Column: On Heartache
Published in The Stage, 13.11.2014
Brace yourselves: this month, it’s personal. This month, I’m writing about heartache. Hell, it’s my column and I’ll bore you all to tears if I want to…Wait, wait, wait. Come back. I’ll get onto theatre in a bit. Promise.
Ahem. As I was saying: heartache. (I can see you sneaking out…) Back in April, I had my first big break up; the sort of break-up that can, for a while at least, derail your day just like that, with no warning and for no reason; the sort that, for a while, makes everything else seem stupid and small fry; the sort that breaks you for a bit.
This being my first big break-up, I didn’t really know what to do about it. Those feelings, that hopelessness, the drag of one sodding day after another – all of it seemed somehow unshakeable. Like this was life now, and life was worse. Break-ups, eh? Not fun.
Here’s the thing: it fundamentally changed the way I watched theatre. It took over. Almost every time I watched a show, I saw heartache. My eyes and ears sought it out. My brain attuned to it. It just goes to show how little control you’ve got over your audience. You thought you were making a show about the politics of public health? I was probably watching one about the relationship issues of a lovesick hospital porter. If you put on Hamlet, I’d have watched Ophelia.
As a critic, particularly given a critical culture couched in a newspaper tradition, you tend to watch plays and focus on their politics. (Or at least, I do.) In the last six months, however, I’ve found myself honing in on their people. And, you know what? It’s made an enormous difference.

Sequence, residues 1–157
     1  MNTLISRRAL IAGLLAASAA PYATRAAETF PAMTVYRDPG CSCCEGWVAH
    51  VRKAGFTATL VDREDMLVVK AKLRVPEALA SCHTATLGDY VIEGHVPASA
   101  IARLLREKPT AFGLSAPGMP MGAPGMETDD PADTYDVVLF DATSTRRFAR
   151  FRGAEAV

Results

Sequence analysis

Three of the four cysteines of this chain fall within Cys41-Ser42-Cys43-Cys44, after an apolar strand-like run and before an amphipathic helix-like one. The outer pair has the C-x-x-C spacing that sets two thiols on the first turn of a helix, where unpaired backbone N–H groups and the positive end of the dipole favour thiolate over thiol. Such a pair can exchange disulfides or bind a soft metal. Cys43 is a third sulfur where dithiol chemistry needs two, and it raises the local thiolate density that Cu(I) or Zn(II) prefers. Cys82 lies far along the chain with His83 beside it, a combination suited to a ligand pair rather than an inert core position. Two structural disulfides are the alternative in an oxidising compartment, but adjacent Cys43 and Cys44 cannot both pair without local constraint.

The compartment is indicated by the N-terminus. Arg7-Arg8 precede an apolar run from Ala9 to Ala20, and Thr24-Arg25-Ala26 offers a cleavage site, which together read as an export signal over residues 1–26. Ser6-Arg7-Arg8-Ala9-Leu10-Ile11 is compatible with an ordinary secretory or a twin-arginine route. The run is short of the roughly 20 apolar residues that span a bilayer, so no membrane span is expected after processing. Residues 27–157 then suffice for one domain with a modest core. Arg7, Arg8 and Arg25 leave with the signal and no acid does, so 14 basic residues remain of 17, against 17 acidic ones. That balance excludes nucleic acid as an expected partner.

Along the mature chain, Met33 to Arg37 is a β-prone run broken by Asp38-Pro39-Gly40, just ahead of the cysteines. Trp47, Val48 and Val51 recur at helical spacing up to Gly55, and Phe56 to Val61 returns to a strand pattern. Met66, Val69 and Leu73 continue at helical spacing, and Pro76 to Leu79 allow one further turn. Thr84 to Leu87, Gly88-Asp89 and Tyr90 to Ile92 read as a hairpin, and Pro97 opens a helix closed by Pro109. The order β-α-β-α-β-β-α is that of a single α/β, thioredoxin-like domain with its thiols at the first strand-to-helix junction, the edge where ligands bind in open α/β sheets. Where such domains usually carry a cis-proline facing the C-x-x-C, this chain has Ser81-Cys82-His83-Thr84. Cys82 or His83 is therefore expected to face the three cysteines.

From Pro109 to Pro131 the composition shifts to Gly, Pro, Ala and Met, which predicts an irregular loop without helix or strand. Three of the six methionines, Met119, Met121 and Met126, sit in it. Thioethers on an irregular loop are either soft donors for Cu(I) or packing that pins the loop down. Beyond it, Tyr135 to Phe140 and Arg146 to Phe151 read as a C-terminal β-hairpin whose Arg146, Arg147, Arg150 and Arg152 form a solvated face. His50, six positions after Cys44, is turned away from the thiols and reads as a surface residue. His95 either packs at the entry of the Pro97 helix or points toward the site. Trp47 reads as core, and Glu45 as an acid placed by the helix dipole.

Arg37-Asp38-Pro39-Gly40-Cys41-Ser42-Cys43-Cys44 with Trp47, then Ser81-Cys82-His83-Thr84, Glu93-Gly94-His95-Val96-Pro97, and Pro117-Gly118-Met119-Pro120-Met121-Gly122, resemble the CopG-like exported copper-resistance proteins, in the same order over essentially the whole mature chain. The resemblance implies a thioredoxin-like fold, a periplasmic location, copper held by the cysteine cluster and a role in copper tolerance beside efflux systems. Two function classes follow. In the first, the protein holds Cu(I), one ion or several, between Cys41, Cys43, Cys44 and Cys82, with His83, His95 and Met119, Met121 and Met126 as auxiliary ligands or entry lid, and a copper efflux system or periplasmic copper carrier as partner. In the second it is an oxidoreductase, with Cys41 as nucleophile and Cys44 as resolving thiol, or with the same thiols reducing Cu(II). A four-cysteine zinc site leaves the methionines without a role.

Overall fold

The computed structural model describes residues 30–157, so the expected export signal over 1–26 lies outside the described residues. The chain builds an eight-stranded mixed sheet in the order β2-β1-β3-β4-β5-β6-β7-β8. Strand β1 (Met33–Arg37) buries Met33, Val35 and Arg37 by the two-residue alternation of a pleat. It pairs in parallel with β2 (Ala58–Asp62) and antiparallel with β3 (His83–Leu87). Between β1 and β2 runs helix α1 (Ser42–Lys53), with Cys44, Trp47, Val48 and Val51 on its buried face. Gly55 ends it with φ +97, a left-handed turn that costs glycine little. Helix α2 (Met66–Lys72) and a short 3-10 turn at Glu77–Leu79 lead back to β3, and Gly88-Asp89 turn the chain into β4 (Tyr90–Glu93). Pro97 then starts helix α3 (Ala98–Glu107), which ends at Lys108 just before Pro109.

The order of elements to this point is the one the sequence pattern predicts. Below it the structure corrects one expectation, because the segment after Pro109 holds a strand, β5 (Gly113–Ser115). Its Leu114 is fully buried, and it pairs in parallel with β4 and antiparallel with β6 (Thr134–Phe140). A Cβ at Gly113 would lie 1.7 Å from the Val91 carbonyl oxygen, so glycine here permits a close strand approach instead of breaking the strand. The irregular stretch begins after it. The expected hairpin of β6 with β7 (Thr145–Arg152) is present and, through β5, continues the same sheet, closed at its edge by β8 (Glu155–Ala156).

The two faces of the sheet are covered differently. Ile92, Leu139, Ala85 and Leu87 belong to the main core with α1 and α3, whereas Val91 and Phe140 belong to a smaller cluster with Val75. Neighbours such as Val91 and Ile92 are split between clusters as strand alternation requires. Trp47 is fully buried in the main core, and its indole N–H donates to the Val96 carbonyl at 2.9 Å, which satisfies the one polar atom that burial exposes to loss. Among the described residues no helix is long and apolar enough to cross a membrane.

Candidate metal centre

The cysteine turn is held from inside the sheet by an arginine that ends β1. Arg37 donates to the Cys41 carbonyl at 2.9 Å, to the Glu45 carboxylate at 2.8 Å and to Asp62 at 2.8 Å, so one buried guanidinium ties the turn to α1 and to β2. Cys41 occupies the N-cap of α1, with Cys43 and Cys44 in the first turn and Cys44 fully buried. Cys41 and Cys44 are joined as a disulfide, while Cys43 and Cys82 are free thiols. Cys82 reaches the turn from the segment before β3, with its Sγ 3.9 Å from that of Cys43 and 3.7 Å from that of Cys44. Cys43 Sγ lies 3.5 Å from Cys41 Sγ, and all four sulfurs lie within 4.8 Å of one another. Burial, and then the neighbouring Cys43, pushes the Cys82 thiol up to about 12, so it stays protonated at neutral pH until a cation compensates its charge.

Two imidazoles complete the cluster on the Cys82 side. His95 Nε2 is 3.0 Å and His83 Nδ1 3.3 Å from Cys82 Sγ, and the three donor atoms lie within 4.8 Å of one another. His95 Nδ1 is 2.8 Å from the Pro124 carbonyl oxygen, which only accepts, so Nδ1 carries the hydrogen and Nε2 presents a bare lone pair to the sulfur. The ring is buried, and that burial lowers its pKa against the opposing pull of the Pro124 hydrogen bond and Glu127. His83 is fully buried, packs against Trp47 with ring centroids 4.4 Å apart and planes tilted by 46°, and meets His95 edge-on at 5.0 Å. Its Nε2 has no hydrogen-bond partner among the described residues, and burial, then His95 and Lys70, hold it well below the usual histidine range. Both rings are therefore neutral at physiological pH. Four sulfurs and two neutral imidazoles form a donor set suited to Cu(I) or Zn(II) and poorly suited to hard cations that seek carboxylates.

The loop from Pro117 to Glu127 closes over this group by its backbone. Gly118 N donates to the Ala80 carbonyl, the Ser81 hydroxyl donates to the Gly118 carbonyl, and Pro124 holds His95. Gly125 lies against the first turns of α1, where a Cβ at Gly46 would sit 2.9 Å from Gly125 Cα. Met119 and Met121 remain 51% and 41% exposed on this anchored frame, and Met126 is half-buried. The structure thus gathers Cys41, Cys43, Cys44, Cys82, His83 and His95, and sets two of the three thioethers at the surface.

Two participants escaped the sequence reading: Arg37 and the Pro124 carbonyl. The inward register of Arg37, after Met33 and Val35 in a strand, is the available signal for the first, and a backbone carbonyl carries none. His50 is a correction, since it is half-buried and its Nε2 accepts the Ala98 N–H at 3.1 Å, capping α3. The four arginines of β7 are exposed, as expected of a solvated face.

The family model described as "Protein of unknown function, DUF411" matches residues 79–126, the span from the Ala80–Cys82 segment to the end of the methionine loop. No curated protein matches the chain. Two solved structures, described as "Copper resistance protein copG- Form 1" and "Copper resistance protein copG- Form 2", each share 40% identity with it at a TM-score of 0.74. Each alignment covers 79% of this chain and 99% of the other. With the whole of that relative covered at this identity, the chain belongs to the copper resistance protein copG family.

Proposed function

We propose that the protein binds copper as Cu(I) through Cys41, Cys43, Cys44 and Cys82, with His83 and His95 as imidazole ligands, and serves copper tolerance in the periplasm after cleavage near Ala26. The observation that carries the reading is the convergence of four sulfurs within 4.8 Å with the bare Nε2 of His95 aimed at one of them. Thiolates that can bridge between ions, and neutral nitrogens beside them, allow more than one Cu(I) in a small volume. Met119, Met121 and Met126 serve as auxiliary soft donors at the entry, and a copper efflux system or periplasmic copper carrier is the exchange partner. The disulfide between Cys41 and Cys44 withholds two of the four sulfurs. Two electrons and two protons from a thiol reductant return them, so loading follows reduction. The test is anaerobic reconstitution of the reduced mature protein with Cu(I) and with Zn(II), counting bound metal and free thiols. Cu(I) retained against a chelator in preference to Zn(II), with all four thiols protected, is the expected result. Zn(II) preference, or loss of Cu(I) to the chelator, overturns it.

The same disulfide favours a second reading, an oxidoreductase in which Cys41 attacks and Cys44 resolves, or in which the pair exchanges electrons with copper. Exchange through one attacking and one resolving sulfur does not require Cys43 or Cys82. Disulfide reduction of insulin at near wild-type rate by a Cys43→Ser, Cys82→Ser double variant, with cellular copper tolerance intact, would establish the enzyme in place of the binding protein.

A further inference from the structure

Because faced with something I’d not encountered before, something I didn’t remotely know how to deal with, I found myself gradually getting to grips with it by proxy, watching others go through it onstage. Yes, you sympathise with those brittle, heartbroken humans. You shed a quiet tear in the dark and resist the urge to stand up and shout out in solidarity. (“I’m with you Konstantin Gavrilovich. Feeling your pain.”) But you also realise that you’re not alone. You’re not the first to go through this and you sure as hell won’t be the last. Theatre’s amazing at that. It’s a truly human art-form.
What’s more, though, you learn how to deal with it. I lost count of the number of stuck-in-the-muds I saw onstage – in Enda Walsh’s Ballyturk and Geoff Sobelle’s Object Lesson, in Simon Stone’s take on The Wild Duck and Chris Goode’s Longwave – all of them weighed down by some past pain they couldn’t, for the life of them, shake off and move on from. In time, I swore I wouldn’t follow suit.
There are people that say theatre never really changes anything; that plays don’t make policies. Next time remember that that doesn’t matter – not even a jot. Theatre changes lives and plays can change people – even if only one heart at a time.